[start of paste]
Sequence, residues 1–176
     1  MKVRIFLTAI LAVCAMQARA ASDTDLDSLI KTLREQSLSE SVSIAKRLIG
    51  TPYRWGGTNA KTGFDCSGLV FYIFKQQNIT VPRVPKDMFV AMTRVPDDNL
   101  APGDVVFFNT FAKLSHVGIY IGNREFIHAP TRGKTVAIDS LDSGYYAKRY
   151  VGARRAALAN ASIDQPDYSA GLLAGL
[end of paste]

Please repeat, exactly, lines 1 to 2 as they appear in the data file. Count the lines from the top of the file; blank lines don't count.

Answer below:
Sequence, residues 1–176
     1  MKVRIFLTAI LAVCAMQARA ASDTDLDSLI KTLREQSLSE SVSIAKRLIG